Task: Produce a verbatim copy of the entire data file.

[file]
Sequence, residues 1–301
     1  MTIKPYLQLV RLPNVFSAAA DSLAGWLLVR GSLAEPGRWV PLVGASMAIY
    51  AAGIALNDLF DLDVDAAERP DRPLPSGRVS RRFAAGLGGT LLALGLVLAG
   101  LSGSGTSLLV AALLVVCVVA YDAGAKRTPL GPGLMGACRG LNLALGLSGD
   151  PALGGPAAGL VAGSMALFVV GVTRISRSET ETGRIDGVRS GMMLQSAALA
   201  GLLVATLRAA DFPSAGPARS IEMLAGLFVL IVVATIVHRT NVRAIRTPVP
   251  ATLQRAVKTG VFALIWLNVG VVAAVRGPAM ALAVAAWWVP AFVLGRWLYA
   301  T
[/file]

Sequence, residues 1–301
     1  MTIKPYLQLV RLPNVFSAAA DSLAGWLLVR GSLAEPGRWV PLVGASMAIY
    51  AAGIALNDLF DLDVDAAERP DRPLPSGRVS RRFAAGLGGT LLALGLVLAG
   101  LSGSGTSLLV AALLVVCVVA YDAGAKRTPL GPGLMGACRG LNLALGLSGD
   151  PALGGPAAGL VAGSMALFVV GVTRISRSET ETGRIDGVRS GMMLQSAALA
   201  GLLVATLRAA DFPSAGPARS IEMLAGLFVL IVVATIVHRT NVRAIRTPVP
   251  ATLQRAVKTG VFALIWLNVG VVAAVRGPAM ALAVAAWWVP AFVLGRWLYA
   301  T